For me, being under consultant led care means that I have more frequent hospital-based appointments, I'll be tested for gestational diabetes throughout this pregnancy like I was with Willow, but more frequently (I've already had one glucose tolerance test at 15 weeks with my second booked for 28 weeks). It also means that I have more scans to check baby is OK and growing well, with these scans becoming more frequent from 28 weeks and taking place every 4 weeks. After each scan, I also see my consultant, so these appointments for the scan and seeing the consultant can often take up to 4 hours with waiting times in between the two, always fun and interesting with a toddler in tow!

I've found it very hard to accept my body during this pregnancy. I'm still 4 stone over my pre-pregnancy weight with Willow, two dress sizes bigger too. It's harder to look at my growing bump, which to me just looks like a fat belly (esp when I'm not wearing my bump band which helps add shape to it) and feel any of the confidence I had with Willow. This is my body though and I don't want to spend my pregnancy not accepting it, I want to take photos to look back on because I know when the baby is here and my bump is gone, I'll miss it! I was never going to have a nice neat little bump, because I'm not a small mama. I'm plus size and that's all I can be right now! So here is my 22 weeks and 5 days bump. There's a baby in there, as big as an aubergine in fact and currently kicking the hell out of me, which is just a bit perfect really, isn't it? 🖤 . . . #lbloggers #pbloggers #plussizemama #plussizepregnancy #plusmommy #plussizemommy #secondpregnancy #22weeks #22weekspregnant #babybump #babynumber2 #pmuk #punkymoms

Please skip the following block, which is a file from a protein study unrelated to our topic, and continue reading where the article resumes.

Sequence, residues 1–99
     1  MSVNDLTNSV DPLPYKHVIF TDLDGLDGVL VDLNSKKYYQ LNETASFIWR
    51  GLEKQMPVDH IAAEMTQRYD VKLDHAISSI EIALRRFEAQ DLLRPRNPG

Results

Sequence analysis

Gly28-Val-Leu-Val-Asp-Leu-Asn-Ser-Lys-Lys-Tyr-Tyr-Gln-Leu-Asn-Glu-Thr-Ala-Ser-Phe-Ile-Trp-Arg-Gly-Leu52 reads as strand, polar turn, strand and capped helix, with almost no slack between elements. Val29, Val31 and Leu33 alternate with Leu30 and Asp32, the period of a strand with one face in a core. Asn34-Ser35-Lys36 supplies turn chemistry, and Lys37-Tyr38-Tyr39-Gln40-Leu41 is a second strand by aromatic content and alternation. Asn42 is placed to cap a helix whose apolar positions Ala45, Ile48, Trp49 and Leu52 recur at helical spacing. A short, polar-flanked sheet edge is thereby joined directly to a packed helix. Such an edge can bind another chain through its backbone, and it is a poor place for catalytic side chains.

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Scans have, so far, been problem free. I have had scans at 7 weeks (to rule out an ectopic pregnancy), 12 weeks (for my dating scan), 18 weeks (due to worries over my scar) and 20 weeks (for my anomaly scan). Each scan, despite my very large tummy, has been done externally with no problems - I was a little worried I may need an internal exam with my 7-week scan because I was so early on as well as my 20-week scan, due to the sheer amount of fat around my middle. Although I did have to lift my fat up and out of the way as much as possible for the 12 and 20-week scans, with the latter being far more uncomfortable than my 20-week scan had been with Willow.